Internet

Kinks in foreign-student tracking system

A Web-based system set up by the U.S. Immigration and Naturalization Service to keep tabs on foreign students is causing frustration among administrators across the country.

Technical problems with a new Web-based system introduced last month by the U.S. Immigration and Naturalization Service for keeping tabs on foreign students is causing frustration among university and college administrators across the country.

The new system, called the Student and Exchange Visitor Information System (SEVIS), has been so slow and buggy that the INS has extended a Jan. 30 deadline requiring American colleges and universities to begin using the site to Feb. 15, according to an INS representative.

A number of college administrators have complained that paperwork that once took minutes has taken hours and even days using the new online system.

"The overwhelming problem is that it was as slow as molasses," said Christie Dawson, director of federal relations at the American Association of State Colleges and Universities, which represents 430 schools across the country.

The performance problem peaked as the Jan. 30 deadline neared and more people logged onto the site, said Chris Bentley, an INS spokesman.

The Web site, which requires a user name and password, is aimed at making sure foreign students take the courses they were approved to take and attend the schools they told the government they would attend. It's also intended to close many loopholes that have led the government to lose track of foreign students.

Bentley said the INS fixed the performance problem last week, but college administrators still have many questions about how to use the site. As mandated by federal regulation, the site requires colleges to collect and report more information about foreign students than they previously did, such as each student's port of entry, notification of reduced course load, and changes in their chosen field of study.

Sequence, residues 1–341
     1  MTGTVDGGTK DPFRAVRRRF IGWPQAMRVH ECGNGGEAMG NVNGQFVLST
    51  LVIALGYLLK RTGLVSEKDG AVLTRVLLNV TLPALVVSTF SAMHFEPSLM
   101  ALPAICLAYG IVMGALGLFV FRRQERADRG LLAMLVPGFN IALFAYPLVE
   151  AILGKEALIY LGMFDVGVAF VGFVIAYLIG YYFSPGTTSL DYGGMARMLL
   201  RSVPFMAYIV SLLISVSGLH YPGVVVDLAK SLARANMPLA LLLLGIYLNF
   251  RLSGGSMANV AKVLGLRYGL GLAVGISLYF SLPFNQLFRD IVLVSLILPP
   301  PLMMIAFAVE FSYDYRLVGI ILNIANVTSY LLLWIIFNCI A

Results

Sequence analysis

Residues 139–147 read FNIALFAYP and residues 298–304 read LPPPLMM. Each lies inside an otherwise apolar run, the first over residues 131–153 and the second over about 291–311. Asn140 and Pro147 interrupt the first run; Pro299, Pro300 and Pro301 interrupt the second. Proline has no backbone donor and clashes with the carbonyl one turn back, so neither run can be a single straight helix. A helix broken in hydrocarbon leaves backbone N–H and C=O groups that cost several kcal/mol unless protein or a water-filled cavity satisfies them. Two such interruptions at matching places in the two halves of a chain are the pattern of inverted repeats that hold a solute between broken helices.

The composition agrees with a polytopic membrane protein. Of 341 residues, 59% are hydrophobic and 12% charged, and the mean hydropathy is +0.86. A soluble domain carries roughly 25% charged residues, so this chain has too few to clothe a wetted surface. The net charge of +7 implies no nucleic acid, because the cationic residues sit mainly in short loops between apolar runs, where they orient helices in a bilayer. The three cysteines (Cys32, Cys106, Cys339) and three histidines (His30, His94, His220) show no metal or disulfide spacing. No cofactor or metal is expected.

The INS has granted some 3,500 colleges and universities access to SEVIS and is in the midst of approving access for hundreds more, Bentley said. They have until Aug. 1 to complete registration of foreign students in the system.

The INS began building SEVIS after the 1995 bombing of the World Trade Center. After the Sept. 11, 2001, terrorist attacks, the project took on new urgency when it was discovered that three of the Sept. 11 hijackers were in the United States on student visas. Federal lawmakers approved $34 million in additional funding to expedite the project following the tragedy, Bentley said. The agency, he added, is working with information technology consulting company Electronic Data Systems to design and set up SEVIS.

Nearly 583,000 foreign students enrolled in American colleges and universities in the 2001-2002 school year, according to the Institute of International Education.

Although the transition to SEVIS has been bumpy for some, many understand the need for it.

"We think it's going to work, and we think it's going to be a good system, but it's just taking a while to get up to speed," Dawson said. "It's a tremendous undertaking."